The battle continues in Hamilton County over adding more than 30 units of public housing within Green Township neighborhoods.
On Monday, county commissioners chose to not vote on a deal that would bring millions of federal dollars to the county to build affordable housing. Commissioners say they did not take any action because of an existing lawsuit between Green Township and the Department of Housing and Urban Development and the Cincinnati Metropolitan Housing Authority.
Many people living within Green Township are worried about an increase in public housing, while advocates say the effort to block it is unfair and segregates the community.
Elizabeth Brown is the Executive Director of Housing Opportunities. She says public housing is a necessity in the county and any choice to block it is segregation.
"I'm very disappointed that the Hamilton County Commissioners…have refused to agree that scattered site public housing throughout Hamilton County is the best thing for everybody," she says. "Hamilton County has to learn that people need to live together or else the problems that have are going to continue."
Commissioner Chris Monzel says the decision to not vote on Monday was more complicated.
"The last thing we wanted to do is take any action that might implicate anything in that lawsuit so we decided to take no action until that suit has been resolved," he said.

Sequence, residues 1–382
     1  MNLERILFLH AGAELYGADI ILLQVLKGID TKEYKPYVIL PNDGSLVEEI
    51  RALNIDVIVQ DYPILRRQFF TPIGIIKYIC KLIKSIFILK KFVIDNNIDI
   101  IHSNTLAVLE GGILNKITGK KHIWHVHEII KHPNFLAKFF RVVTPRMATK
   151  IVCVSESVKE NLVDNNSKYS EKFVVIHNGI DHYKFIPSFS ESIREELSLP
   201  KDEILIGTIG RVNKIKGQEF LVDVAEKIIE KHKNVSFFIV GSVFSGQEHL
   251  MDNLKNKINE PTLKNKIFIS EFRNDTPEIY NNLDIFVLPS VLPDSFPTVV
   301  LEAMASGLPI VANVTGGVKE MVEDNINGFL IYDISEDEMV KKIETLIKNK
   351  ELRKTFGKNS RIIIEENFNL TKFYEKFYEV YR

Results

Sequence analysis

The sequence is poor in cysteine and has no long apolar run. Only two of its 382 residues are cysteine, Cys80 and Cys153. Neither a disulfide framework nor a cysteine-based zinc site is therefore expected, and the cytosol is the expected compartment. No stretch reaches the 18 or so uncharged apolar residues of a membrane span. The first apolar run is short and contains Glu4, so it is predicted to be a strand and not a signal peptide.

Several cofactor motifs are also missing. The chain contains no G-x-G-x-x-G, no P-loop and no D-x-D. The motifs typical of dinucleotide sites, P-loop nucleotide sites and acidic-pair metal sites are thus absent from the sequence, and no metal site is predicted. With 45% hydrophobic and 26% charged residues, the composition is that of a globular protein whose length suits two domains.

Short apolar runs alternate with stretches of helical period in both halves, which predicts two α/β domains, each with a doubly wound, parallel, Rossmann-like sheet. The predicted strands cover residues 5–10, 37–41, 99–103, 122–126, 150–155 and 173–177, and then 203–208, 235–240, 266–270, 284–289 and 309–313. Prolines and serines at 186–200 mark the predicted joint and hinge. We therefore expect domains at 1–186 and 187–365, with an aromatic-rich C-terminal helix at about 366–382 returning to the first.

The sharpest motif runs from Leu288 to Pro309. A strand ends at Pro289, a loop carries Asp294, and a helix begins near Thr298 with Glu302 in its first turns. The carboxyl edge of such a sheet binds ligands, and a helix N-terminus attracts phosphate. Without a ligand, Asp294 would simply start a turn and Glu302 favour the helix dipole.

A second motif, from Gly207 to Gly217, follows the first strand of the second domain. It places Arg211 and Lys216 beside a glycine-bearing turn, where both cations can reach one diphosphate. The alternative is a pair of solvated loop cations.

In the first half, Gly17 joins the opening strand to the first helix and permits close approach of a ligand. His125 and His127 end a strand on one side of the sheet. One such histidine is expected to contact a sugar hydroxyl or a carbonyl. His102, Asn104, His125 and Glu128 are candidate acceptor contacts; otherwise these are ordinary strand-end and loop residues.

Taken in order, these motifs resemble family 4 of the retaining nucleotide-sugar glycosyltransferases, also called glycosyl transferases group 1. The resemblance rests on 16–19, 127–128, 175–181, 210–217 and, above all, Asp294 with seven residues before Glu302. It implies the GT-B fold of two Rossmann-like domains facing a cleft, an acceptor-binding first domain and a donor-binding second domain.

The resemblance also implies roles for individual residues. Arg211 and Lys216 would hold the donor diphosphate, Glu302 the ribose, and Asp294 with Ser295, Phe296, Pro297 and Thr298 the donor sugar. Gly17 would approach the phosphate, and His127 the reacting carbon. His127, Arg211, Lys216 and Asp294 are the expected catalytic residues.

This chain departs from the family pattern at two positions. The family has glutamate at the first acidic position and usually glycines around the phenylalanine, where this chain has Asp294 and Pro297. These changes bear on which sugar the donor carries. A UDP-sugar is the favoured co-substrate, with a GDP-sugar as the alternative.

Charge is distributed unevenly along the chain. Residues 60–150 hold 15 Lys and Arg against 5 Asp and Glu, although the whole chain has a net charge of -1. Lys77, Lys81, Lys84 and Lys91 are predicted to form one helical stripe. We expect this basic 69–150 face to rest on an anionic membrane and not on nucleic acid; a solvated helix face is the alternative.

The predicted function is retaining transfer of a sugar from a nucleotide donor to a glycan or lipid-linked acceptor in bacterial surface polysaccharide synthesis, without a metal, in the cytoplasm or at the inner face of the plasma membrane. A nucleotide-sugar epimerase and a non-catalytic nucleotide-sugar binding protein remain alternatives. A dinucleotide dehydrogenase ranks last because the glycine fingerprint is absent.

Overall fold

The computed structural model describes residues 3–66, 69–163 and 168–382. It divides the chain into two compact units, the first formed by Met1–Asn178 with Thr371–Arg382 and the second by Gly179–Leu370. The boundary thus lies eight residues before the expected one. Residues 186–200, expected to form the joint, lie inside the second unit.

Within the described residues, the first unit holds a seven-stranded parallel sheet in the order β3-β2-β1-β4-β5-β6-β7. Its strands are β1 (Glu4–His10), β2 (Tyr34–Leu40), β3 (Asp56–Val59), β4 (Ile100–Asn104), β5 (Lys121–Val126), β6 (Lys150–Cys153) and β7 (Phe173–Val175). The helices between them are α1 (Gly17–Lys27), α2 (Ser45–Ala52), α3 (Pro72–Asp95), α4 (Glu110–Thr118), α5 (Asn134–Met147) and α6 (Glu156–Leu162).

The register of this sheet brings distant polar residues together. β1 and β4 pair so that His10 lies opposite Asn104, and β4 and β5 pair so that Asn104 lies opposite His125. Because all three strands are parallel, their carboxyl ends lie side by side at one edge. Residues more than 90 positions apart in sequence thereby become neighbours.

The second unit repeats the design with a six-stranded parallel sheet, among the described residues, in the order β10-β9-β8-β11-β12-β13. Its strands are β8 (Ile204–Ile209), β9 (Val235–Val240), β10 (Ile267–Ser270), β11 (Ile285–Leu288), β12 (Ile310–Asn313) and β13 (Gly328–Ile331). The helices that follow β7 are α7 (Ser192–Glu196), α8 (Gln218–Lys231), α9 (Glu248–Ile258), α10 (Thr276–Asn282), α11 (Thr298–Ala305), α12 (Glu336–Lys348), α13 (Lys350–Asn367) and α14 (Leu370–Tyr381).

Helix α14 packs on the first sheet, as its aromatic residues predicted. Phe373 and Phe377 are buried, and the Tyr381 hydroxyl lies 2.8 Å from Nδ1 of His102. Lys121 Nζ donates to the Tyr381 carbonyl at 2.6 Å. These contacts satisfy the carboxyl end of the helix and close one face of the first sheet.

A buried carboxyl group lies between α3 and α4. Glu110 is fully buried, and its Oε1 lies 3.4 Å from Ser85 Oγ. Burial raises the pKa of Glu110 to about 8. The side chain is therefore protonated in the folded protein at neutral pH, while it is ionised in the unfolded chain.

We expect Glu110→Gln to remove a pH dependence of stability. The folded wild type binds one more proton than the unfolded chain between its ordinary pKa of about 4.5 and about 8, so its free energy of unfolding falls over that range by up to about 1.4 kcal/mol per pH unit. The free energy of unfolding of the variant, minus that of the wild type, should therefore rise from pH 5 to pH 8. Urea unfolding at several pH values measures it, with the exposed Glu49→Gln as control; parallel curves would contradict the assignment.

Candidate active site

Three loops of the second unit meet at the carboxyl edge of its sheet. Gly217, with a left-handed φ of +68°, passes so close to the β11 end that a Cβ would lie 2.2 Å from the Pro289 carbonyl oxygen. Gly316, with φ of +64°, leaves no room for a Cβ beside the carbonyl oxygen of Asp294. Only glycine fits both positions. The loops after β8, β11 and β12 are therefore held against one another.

Monzel says the county wants to work with HUD on its own cooperation agreement and sidestep CMHA due to past problems.
"The CMHA itself has shown that it's not maintaining its properties adequately," he adds.
Maintaining a property is one of the complaints people living in Green Township have, along with a fear of increased crime and a decrease in property value.
In response, CHMA released this statement:
The future of the cooperation agreement between the Hamilton County Commissioners and CMHA is still very uncertain. The most critical issue here is that affordable housing is a very real need for thousands of Hamilton County residents, including many elderly, disabled and working poor. With a continually challenging economy and high unemployment, the need for affordable housing is likely to increase. CMHA stands ready to do its part.
Green Township trustee David Linnenberg says Green Township's lawsuit with CMHA and HUD is at a standstill in federal court.
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